Senators move to stop ObamaCare tax

Most attention in the ObamaCare fight has focused on the courts especially the Supreme Court's decision to weigh the constitutionality of the requirement that every American buy or have health insurance. But let's not forget some of the other onerous provisions of the law that don't require a court override. Congress can always repeal parts of all of the law, including the health insurance mandate.

One of those other provisions is the Health Insurance Tax (aptly called HIT and found in Section 9010) which is a tax on insurers but which clearly will be passed on to consumers. Opponents of the tax argue that it will mostly hurt small business employers and the self-employed--the people who generate about two-thirds of the national's jobs.

Here is one explanation:

How does the tax work?

Messaged as a "health insurance fee," the HIT is actually a hidden tax on small business. PPACA assesses a tax on all health insurance companies based on their "net premiums" written. The tax will raise $8 billion starting in 2014, $14.3 billion in 2018 and more in later years. The amount of the HIT that the insurance company is responsible for is roughly equal to the percent of the market subject to the tax that the insurance company covers. The larger the insurance company’s market-share, the higher their annual HIT. Insurers and economists have consistently agreed throughout the health care debate that new taxes on insurers inevitably mean new costs passed along to customers. The group that experiences the most cost shifting is the fully insured market.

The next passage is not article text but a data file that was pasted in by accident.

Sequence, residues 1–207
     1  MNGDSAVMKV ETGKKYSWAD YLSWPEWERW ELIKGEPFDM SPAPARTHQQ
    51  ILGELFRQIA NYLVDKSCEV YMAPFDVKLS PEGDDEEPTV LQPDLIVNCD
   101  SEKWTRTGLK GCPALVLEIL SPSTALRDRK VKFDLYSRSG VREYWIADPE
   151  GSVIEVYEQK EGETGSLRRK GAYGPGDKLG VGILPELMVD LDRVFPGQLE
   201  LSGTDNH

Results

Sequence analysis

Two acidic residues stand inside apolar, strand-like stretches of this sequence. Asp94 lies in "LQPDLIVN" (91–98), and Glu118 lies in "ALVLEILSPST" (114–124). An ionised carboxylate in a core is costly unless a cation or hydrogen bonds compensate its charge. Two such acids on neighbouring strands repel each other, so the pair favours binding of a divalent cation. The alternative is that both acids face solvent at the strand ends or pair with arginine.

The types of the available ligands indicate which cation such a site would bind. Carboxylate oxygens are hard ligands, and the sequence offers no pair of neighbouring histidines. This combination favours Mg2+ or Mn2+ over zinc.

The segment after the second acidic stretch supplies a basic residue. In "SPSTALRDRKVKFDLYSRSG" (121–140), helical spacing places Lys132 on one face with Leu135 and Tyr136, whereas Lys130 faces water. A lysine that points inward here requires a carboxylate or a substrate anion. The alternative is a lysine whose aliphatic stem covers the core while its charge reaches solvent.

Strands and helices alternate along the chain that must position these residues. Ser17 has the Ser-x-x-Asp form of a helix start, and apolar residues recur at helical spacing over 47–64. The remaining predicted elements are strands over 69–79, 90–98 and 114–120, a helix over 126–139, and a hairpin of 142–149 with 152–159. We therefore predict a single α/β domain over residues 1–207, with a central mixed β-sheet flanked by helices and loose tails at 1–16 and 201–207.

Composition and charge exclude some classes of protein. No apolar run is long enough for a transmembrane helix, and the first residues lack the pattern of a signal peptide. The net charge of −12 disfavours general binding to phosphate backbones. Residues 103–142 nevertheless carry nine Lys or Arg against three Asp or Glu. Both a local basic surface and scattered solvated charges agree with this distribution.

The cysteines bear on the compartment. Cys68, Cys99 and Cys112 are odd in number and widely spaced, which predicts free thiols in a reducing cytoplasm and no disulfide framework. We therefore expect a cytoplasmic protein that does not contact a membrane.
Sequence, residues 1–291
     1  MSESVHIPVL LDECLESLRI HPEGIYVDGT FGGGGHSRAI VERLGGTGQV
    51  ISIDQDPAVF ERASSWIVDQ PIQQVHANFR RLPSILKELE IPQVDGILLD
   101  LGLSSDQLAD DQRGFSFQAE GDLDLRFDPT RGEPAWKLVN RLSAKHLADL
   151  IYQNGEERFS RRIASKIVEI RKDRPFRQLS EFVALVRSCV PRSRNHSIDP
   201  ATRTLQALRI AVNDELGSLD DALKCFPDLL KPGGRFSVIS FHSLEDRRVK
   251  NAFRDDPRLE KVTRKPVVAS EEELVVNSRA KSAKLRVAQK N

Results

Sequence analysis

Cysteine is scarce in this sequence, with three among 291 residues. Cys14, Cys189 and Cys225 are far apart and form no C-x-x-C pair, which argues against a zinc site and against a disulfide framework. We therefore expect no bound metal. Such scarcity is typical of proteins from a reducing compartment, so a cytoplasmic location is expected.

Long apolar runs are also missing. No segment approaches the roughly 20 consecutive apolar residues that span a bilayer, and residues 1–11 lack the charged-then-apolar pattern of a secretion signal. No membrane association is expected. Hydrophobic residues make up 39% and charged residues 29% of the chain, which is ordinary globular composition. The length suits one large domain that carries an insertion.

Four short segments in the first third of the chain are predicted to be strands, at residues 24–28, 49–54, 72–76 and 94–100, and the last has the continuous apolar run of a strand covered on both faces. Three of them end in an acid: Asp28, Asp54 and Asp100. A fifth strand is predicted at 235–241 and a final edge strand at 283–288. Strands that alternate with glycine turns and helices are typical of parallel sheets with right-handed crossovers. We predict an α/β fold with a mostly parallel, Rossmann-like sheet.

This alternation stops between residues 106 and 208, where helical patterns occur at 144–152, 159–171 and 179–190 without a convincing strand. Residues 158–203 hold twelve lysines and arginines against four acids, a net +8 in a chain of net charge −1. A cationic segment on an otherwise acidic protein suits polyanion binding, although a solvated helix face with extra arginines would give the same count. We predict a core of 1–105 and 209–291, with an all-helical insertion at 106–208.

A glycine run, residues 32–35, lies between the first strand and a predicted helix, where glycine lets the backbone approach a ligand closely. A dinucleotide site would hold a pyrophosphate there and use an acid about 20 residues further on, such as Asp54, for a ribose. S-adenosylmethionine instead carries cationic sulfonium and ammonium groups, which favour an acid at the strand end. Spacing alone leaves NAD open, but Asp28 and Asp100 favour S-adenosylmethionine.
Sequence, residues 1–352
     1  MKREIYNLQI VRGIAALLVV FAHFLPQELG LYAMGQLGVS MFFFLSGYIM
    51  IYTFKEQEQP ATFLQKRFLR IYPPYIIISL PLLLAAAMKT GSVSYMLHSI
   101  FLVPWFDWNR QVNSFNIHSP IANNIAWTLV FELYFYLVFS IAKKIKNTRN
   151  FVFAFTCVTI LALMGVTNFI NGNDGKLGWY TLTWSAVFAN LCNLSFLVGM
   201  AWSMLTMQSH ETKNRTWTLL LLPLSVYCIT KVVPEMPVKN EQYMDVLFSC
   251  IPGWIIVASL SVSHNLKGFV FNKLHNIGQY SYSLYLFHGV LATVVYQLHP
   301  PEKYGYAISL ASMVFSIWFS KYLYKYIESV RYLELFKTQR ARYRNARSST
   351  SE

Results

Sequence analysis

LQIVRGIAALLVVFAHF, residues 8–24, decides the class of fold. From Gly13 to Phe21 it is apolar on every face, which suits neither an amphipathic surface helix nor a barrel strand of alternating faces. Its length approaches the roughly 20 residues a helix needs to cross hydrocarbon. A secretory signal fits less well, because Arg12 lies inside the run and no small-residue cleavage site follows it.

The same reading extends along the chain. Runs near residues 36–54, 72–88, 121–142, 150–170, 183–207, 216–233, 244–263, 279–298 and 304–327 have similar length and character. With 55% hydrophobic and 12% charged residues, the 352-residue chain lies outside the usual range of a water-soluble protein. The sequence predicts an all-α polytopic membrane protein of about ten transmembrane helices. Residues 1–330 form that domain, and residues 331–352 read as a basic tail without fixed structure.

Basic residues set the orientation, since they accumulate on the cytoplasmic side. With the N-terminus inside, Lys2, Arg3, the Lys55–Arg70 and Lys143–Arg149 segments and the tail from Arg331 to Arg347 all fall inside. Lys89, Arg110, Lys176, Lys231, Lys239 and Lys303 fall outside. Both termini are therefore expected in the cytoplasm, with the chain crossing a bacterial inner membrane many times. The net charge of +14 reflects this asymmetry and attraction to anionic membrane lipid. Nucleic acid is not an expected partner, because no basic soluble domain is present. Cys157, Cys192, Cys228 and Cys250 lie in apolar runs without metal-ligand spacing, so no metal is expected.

Here is the announcement of the new legislation to hit the HIT from the tax's opponents. Here is more background, also from another opponent. Note the comments.

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    Chicago Tribune contributing op-ed columnist and author of forthcoming historical novel, "Madness: The War of 1812." Reporter, editor and columnist for Chicago Sun-Times and Chicago Daily News. Freelance writer and editor.

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